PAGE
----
• WordPress has previously got a bad rap when it comes to security. This is due to the fact that it’s impossible to make sure that all plugins use the correct safety standards. Seeing as WordPress has thousands of different plugins, WordPress is considered less secure than Joomla. In addition to this, WordPress does not enforce an SSL connection on its dashboard.
  • Joomla is considered a pretty secure CMS. The core Joomla code is secure, however it relied on users being able to configure and implement the system correctly, which is not automatically done by Joomla. In addition to have a secure core code, Joomla provides an option to force connections over SSL and 2FA, and offers its own set of security extensions. Therefore, Joomla wins the battle of security.

Lock and Chains

3. Customisation

  • Both content management systems have high customisation capabilities.
  • WordPress has a range of high quality themes and plugins that can easily be customised, however these customisation capabilities are limited.
  • So, while WordPress is easier to use, Joomla has greater customisation capabilities. The only downfall is that Joomla is harder to use. But if you’re a fairly technical person, you should be able to customise your Joomla website like a pro with time and practice.

4. Content management

  • WordPress is renowned for its content publishing ability, allowing users to manage content and create posts within minutes.
  • Joomla has the same capabilities, but the process is more difficult.

Man on Laptop

5. Pricing

  • The software for both Joomla and WordPress is free however there are charges for premium templates and extensions for both. Aside from this it’s considerably more likely that you will need to engage with a web developer when using Joomla which will cost additional fees, but this depends on your technical capabilities and the features that you desire for your website.

6.       Support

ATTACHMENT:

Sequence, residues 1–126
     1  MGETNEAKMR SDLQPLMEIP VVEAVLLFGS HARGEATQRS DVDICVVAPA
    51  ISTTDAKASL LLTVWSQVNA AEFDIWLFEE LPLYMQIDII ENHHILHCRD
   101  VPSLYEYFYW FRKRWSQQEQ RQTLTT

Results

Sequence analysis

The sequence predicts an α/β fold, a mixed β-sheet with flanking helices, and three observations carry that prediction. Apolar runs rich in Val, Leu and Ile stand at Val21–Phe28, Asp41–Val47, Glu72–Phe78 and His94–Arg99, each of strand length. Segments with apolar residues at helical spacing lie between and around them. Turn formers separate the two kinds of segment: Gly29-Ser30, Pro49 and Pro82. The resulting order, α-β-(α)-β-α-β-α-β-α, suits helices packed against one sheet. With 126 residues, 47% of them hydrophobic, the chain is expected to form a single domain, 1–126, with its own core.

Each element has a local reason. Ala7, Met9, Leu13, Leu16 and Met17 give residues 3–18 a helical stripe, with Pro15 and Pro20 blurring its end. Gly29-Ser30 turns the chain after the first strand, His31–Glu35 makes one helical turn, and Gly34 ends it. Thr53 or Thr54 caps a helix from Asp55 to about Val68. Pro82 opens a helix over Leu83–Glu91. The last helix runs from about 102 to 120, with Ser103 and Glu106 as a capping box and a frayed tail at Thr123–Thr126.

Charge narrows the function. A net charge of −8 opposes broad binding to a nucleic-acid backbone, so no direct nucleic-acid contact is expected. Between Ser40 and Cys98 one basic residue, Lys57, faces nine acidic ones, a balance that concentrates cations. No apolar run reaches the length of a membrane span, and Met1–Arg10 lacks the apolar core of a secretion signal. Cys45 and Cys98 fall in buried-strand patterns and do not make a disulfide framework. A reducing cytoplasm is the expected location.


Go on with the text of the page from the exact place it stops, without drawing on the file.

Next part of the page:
• With WordPress being so popular it has built one of the largest online communities in existence, resulting in there being an abundance of online support for WordPress users. There are a range of different official support forums, blogs and videos around WordPress, meaning that often help is only just a click away.

WordPress Support Forum

  • While the community for Joomla is not as big as WordPress it is one of the largest open source content management systems on the web meaning it also has a good support structure in place. This support primarily consists of the official help portal where users can ask questions and receive technical support.

Before making your final decision on which CMS to use make sure to define your CMS needs, do your research and utilise product demos. We hope that our blog has shed some light on the differences between Joomla and WordPress, enabling you to see which is better suited for your business.

Joomla is an incredibly customisable system that can take any shape that you want. Enabling you to make small customisations without relying on extensions.

However WordPress is simple to pick up for new users and its popularity provides users with better support structure.

In the end, the decision is up to you and your business. The decision should be based solely on the requirements of your business and the capabilities of your team.